Good deeds, mortal sacrifices and even inexplicable events arising from an apparent divinity, are the reasons why different individuals were beatified and canonized by the Vatican to carry the name of saint.
Every day, marked on the calendar, commemorates the life and death of these beings, men and women, who dedicated their existence to the very Catholic Church that earned them the appointment.
This is the saints for Saturday, February 18.
In Toledo, in Hispania, Saint Eladio, who, after directing public affairs in the royal palace, was abbot of the monastery of Agali and, later elevated to the bishopric of Toledo, distinguished himself by examples of charity.
Along with this character there are other saints and martyrs who are also celebrated this Saturday, February 18, such as the following:
San Angilbert abbot
Saint Francis Regis Clet
Saint Sadoth and Companions
Saint John Peter Néel and Companions
Blessed Gertrude (Catalina) Comensoli
Beato Guillermo Harrington
Blessed George Kaszyra
Blessed John of Fiesole Angelico
Canonization of the priest José Gabriel Brochero. (AFP)
The Catholic and Orthodox Church uses canonization to declare a deceased person as a saint who during his life made sacrifices or was related to a divine event in favor of the church.
This implies including the name of the person in the canon (list of recognized saints) and the permission of the Catholic Church is granted to venerate it, acknowledging its power before God.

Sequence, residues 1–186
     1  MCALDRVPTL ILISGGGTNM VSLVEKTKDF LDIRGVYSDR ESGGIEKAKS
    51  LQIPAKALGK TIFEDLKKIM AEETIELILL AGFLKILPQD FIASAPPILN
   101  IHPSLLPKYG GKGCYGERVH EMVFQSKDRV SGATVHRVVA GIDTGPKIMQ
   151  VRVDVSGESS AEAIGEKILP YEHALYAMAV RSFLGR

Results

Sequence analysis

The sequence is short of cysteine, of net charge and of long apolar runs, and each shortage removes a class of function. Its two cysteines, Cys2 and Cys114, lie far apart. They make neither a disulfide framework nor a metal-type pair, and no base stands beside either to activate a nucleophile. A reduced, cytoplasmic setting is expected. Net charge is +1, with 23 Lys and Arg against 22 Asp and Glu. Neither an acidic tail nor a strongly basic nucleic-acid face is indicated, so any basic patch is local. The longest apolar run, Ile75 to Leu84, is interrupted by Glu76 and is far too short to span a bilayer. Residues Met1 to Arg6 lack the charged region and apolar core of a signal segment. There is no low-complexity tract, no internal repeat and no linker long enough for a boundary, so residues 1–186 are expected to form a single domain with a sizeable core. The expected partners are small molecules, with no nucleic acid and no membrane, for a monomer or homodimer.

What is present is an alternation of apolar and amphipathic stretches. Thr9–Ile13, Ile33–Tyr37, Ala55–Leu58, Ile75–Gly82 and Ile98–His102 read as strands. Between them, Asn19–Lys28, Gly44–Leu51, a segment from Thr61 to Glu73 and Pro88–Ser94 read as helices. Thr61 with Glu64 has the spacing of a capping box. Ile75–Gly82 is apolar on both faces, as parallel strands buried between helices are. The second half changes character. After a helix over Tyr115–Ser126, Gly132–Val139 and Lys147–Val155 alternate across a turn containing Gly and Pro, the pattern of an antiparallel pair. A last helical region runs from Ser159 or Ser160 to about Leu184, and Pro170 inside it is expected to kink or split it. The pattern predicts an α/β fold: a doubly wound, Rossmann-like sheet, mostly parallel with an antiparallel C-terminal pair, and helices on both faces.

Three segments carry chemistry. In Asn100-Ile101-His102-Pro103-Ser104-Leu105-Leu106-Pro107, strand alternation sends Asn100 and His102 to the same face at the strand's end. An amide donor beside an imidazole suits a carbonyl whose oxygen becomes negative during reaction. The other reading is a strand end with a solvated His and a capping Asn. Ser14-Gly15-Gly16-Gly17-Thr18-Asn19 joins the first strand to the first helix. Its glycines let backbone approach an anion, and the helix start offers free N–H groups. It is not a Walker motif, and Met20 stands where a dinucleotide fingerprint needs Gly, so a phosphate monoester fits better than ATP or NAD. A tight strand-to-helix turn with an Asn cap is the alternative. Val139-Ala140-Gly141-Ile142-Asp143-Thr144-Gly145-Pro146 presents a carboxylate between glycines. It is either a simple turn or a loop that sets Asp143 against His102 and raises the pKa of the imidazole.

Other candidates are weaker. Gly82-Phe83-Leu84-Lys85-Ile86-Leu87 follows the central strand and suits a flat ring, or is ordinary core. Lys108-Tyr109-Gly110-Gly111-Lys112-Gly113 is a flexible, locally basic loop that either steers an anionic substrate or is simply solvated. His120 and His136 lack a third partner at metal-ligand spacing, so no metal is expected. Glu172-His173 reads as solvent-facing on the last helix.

During Christianity, people were recognized as saints without the need for a formal process; however, this changed in the Middle Ages. In the case of Catholicism, the Church must make an exhaustive investigation of the life of the person to be sanctified.
For the Catholic Church there are four ways to achieve the appointment: the path of heroic virtues; the path of martyrdom; that of exceptional causes, confirmed by an ancient cult and written sources; and the offer of life.
Canonization of the Mexican José Sánchez del Río. (Reuters)
Catholicism is one of the most widely practiced religions in the world. The most recent data from the Vatican -particularly from its Ecclesial Statistical Yearbook- indicates that there are more than 1,360 million Catholics in the world.
The American continent is where more Catholics prevail, with almost half of those registered by the Vatican, being more than a quarter located in South America.
In recent years, the Vatican has realized that the presence of Catholics has increased significantly on two continents: Asia -particularly the Middle East- and Africa.
In contrast, religious rates in Europe have been declining, while in Oceania they have remained stable.
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